Power/Performance Bits: Dec. 3

Waking up IoT devices; finding causes of EM noise; more stable perovskites.


Waking up IoT devices
Researchers at UC San Diego developed an ultra-low power wake-up receiver chip that aims to reduce the power consumption of sensors, wearables, and Internet of Things devices that only need to communicate information periodically.

“The problem now is that these devices do not know exactly when to synchronize with the network, so they periodically wake up to do this even when there’s nothing to communicate. This ends up costing a lot of power,” said Patrick Mercier, a professor of electrical and computer engineering at UC San Diego. “By adding a wake-up receiver, we could improve the battery life of small IoT devices from months to years.”

The wake-up receiver measures 4.55 cm2 and only uses 22.3 nanowatts to continuously look for a wake-up signature, a specific radio signal that tells the chip when to wake up the main device. It also can perform over a wide temperature range, with consistent performance from -10 C up to 40 C (14 F to 104 F).

By only waking up a wireless device when necessary, the wake-up receiver (chip stack to the left of the penny) can cut down on power use and extend battery life. The system includes a miniaturized antenna (gold-colored plate below the receiver). (Credit: David Baillot/UC San Diego Jacobs School of Engineering)

The new device targets higher frequency radio signals, 9 gigahertz, than most wake-up receivers. This allowed the team to shrink everything, including the antenna, transformer and other off-chip components down into a package at least 20 times smaller than prior nanowatt-level work.

There is a small tradeoff in latency. There is a 540-millisecond delay between when the receiver detects the wake-up signature and when it wakes up the device. But for the intended applications, the researchers say this amount of delay is not a problem.

“You don’t need high-throughput, high-bandwidth communication when sending commands to your smart home or wearables devices, for example, so the trade-off of waiting for a mere half a second to get a 100,000x improvement in power is worth it,” Mercier said.

Finding causes of EM noise
Researchers at Osaka University determined equations to quantify and determine the source of electromagnetic (EM) noise, finding that EM noise was caused not only by the interference between transmission lines, but also by conditions of elements connected to the electric circuit.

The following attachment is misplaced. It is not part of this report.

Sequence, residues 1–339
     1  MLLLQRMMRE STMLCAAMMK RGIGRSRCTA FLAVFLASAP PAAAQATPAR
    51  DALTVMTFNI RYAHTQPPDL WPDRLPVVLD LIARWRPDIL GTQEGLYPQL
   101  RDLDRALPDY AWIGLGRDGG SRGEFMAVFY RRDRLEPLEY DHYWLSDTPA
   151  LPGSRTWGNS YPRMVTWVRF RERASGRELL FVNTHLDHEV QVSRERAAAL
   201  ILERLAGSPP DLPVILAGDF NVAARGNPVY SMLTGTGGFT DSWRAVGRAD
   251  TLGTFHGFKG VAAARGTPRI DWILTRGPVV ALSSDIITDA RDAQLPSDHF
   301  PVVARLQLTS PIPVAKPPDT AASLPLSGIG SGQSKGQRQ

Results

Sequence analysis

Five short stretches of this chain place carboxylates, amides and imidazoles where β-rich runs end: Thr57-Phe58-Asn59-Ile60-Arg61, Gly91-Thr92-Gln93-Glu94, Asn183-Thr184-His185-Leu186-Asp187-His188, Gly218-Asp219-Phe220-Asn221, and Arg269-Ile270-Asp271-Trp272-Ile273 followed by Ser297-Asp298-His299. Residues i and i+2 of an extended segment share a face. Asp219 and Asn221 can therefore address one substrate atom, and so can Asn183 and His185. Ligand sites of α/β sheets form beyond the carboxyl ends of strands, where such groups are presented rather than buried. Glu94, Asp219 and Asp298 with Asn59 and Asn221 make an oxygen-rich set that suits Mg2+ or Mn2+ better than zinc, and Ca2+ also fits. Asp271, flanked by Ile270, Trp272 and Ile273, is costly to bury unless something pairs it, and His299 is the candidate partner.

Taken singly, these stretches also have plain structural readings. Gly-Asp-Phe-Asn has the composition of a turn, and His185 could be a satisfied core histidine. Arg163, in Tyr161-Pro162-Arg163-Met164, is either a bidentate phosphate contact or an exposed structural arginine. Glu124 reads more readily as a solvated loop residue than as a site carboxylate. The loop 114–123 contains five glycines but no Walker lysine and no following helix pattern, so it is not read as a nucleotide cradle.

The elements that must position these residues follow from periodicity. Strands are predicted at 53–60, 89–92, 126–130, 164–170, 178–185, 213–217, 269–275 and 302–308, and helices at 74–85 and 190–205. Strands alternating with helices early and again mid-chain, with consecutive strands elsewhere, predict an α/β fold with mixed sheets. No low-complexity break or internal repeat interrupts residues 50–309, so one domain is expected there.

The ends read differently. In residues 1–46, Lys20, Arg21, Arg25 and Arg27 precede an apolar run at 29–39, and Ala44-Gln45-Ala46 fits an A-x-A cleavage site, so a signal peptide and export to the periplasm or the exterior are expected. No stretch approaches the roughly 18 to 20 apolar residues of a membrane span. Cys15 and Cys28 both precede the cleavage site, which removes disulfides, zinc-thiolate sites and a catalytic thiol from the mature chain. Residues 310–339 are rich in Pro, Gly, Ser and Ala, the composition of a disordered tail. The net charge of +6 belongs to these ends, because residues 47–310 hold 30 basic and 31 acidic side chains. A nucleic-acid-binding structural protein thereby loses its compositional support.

To describe EM noise, the researchers used a three-line (multi-conductor transmission line (MTL)) circuit, to which lumped-parameter circuits were connected. In addition to a conventional two-line circuit configuration, another conductor line was connected on the source side as the ground.

From this, the team derived telegraphic equations, wave equations, and reflection coefficients in the normal mode (NM) that represents circuit signals and the common mode (CM) that is generated by interaction with the environment and causes various noise. Considering the noise mode conversion in the MTL, they derived equations that describe behaviors of the NM and CM.

They found that the CM converted to the NM due to both the geometrical relation between the circuit and the environment and the electrical connections between the MTL and the elements connected to the MTL, generating EM noise.

Based on this, the researchers say a symmetrical configuration of three transmission lines together with lumped circuits was the only solution to eliminate EM noise.

Masayuki Abe, a professor at Osaka, said, “In addition to the improvement of device performances, we aim to develop an ‘EM noise-less infrastructure’ to create a society in which people can use high value-added devices, devices with ultra-low power consumption and ultra-low waste heat.”

More stable perovskites
Researchers from Rice University and Fudan University developed a new perovskite solar cell that, while having less efficiency, lasts much longer. Using indium to replace some of the lead in perovskites enabled the team to better engineer the defects in cesium-lead-iodide solar cells that affect the compound’s band gap, a critical property in solar cell efficiency.

The new cells can be made in the open air and last for months, compared to standard perovskite solar cells.

“This is different from the traditional, mainstream perovskites people have been talking about for 10 years — the inorganic-organic hybrids that give you the highest efficiency so far recorded, about 25%. But the issue with that type of material is its instability,” said Jun Lou, a materials scientist at Rice. “Engineers are developing capping layers and things to protect those precious, sensitive materials from the environment. But it’s hard to make a difference with the intrinsically unstable materials themselves. That’s why we set out to do something different.”

The team built and tested perovskite solar cells of inorganic cesium, lead and iodide, which tend to fail quickly due to defects. By adding bromine and indium, defects in the material were reduced, raising the efficiency above 12% and the voltage to 1.20 volts.

The new cells can be manufactured in open air conditions, including the humid ambient environment of Rice University in Houston, Texas. Stability was increased significantly with encapsulated cells remaining stable in air for more than two months, far better than the few days that plain cesium-lead-iodide cells lasted.

“The highest efficiency for this material may be about 20%, and if we can get there, this can be a commercial product,” said Jia Liang, a postdoctoral researcher at Rice. “It has advantages over silicon-based solar cells because synthesis is very cheap, it’s solution-based and easy to scale up. Basically, you just spread it on a substrate, let it dry out, and you have your solar cell.”

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